This past Christmas might have confirmed what we knew all along. Many of the things we want most don’t come wrapped in beautiful packages. While holidays wind down and stores fill with red hearts, we realize, Christmas couldn’t give what we desired most.
And we beg God for more.
We wished for the list no one sees. The stuff Amazon can’t bring. We pled for someone we love cured of cancer, a friend’s child returned to the fold, a baby for a couple unable to conceive, or a tragedy undone.
But, instead at our feet lay holiday wrappings and scattering of empty cardboard boxes, tipped on their sides like incessant prayers which seem to return void. None offered the gifts we wanted most.
“Or what man is there of you, whom if his son ask bread, will he give him a stone? Or if he ask a fish, will he give him a serpent? If ye then, being evil, know how to give good gifts unto your children, how much more shall your Father which is in heaven give good things to them that ask him?” Matthew 7:9-11 KJV
Jesus spoke these words to a listening crowd on a hill long ago, but perhaps as we begin a New Year, we need to hear them clearly today.
Our living room once strewn with gift paper and ripped open boxes looks ordered again…well, mostly. Ribbon, like little highways no longer criss cross the floor, and as another year spreads out its blank pages, reflection comes with it.
“’If ye then, being evil, know how to give good gifts unto your children…”
When my children were little, I desperately wanted each gift to bring them pleasure. I studied their young faces for a smile, eyes that lit up, the embrace of gratitude as I checked off their lists of wishes. How much better are God’s gifts to us than anything we could ever give to our children. Click To Tweet
“…how much more shall your Father which is in heaven give good things to them that ask him?”
The truth in this verse is simple. My Heavenly Father is trustworthy in all He gives. He who knew no sin, and loves us undeservedly desires what is best for us and gives accordingly.
While we in our fallen state, can’t bear to see our children disappointed, neither will the Father give us something unfit, unwise or unloving. That unrestored relationship, health concern, or upsetting financial situation which moves with us onto the next calendar page, serve to teach us about a God whose very nature is good.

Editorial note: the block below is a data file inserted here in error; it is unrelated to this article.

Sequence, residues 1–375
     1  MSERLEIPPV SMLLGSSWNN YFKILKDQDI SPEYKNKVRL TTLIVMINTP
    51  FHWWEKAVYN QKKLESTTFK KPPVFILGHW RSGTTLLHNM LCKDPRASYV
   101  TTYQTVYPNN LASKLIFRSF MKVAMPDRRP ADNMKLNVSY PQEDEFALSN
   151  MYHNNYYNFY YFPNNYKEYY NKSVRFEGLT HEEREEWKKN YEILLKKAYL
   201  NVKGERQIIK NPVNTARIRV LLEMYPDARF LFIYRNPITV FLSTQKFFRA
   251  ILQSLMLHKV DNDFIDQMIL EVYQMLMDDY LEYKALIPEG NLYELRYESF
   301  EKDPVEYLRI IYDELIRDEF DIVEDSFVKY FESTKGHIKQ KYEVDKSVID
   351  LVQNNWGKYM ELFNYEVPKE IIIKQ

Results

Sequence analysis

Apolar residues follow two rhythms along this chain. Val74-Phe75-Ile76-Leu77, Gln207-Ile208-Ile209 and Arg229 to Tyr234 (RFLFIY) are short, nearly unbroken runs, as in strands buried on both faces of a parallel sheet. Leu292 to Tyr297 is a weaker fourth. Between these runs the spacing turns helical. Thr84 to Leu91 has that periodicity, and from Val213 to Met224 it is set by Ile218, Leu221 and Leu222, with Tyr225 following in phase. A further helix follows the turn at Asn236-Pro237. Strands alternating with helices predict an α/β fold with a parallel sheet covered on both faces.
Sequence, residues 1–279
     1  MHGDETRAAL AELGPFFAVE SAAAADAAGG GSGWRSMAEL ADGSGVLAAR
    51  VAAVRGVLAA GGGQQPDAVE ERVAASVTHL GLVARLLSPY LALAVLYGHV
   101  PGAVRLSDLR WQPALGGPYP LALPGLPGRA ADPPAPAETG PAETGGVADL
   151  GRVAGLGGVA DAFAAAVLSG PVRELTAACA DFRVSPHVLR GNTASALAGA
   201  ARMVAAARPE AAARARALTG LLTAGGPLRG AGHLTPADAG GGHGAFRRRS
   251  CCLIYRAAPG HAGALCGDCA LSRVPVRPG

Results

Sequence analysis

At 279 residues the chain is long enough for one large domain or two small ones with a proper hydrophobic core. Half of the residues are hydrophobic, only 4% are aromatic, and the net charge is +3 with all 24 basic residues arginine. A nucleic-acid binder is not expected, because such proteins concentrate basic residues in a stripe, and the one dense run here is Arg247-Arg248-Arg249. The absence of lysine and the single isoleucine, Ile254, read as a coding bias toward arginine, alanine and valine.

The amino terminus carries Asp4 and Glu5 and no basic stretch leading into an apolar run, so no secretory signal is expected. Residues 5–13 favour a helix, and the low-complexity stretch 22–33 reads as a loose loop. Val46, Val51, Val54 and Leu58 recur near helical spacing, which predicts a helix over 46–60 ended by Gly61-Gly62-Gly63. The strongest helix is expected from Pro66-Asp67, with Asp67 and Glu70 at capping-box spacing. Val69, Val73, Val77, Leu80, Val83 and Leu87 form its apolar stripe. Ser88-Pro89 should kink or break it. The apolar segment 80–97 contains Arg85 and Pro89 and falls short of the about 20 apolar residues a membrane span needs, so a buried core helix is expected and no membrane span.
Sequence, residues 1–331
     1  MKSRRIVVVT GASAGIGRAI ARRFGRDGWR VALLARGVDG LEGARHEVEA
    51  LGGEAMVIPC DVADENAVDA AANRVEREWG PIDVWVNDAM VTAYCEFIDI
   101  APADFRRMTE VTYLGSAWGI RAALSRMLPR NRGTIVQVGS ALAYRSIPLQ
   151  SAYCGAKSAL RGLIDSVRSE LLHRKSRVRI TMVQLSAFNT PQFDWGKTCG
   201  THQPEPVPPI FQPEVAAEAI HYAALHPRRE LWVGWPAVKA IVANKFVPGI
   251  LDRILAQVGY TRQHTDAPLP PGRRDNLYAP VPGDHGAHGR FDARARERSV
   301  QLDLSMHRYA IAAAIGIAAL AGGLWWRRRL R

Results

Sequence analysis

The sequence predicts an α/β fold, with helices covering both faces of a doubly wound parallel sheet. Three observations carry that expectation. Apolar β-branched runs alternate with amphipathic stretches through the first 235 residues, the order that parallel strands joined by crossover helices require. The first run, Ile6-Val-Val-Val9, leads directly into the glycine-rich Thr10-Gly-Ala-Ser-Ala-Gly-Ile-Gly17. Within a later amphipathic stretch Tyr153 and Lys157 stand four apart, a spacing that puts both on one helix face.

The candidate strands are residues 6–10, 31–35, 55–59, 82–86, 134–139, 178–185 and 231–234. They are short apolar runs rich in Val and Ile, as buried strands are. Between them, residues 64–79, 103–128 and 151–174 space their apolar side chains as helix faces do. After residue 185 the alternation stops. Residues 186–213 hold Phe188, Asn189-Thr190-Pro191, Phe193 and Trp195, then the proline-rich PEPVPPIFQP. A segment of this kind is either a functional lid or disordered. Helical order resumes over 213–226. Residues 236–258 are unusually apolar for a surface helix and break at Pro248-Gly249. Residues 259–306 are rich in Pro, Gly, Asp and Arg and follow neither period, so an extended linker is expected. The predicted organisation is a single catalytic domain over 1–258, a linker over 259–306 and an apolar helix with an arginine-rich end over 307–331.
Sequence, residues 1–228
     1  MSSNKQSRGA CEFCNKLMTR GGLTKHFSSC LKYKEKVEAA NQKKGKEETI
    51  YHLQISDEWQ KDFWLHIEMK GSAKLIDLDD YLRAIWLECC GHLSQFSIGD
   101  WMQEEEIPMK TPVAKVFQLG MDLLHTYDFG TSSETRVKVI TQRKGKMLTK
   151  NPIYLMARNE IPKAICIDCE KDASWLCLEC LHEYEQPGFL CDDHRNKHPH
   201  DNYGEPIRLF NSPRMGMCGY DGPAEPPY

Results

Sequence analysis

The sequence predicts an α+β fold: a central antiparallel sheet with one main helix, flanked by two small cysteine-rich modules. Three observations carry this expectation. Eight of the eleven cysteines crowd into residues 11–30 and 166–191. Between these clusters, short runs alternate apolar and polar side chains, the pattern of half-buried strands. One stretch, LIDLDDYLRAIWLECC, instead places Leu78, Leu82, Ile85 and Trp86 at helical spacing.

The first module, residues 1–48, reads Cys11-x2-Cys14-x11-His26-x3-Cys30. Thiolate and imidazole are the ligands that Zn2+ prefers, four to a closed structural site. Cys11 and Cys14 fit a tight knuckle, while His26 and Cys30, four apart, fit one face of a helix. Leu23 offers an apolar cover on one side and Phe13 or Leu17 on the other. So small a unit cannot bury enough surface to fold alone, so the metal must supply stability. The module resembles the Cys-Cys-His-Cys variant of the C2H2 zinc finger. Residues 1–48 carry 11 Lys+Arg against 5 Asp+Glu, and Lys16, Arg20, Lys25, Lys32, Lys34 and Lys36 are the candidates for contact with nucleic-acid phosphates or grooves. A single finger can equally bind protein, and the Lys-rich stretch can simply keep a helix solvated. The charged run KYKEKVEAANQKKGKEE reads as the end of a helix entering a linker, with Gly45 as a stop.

Perhaps, in the holiday’s aftermath, and at the beginning of a New Year, we feel we’ve been given a stone or a serpent when we’ve prayed for a different gift, another outcome.
The gifts of the Father puzzle us at times. They don’t look like we expect. Sometimes they bring tears and angst. How can it be we’ve been given this when we have asked for something beautiful to unwrap? And, crossing the threshold into a New Year feels daunting by the weight of what we carry.
If this is your experience as the New Year begins, Jesus’ words in Matthew 7 should bring comfort deep down inside.
“Or what man is there of you, whom if his son ask bread, will he give him a stone? Or if he ask a fish, will he give him a serpent…how much more shall your Father which is in heaven give good things to them that ask him?”
God’s magnificent construction builds strength on the foundation of the inconceivable, often through the hard and painful.
I watch my grandson as he builds from his thousands of scattered pieces of Christmas Lego. He puts tiny parts together, like an unformed treasure, something begins to take shape. The picture on an empty box sits in front of him. God’s magnificent construction builds strength on the foundation of the inconceivable, often in the hard and painful. Click To Tweet
As his fingers move across the colored blocks, I cannot help but think of my own unwished for trials. Wrapped with a meager skin of my weakness and frailty, I lift them to Jesus. Clenched palms open.
He receives our offered gifts of trust. He will build something glorious. Much better than the box promised.
A recent article of mine at BibleStudyTools.com, Does the Christmas Story Contradict Itself?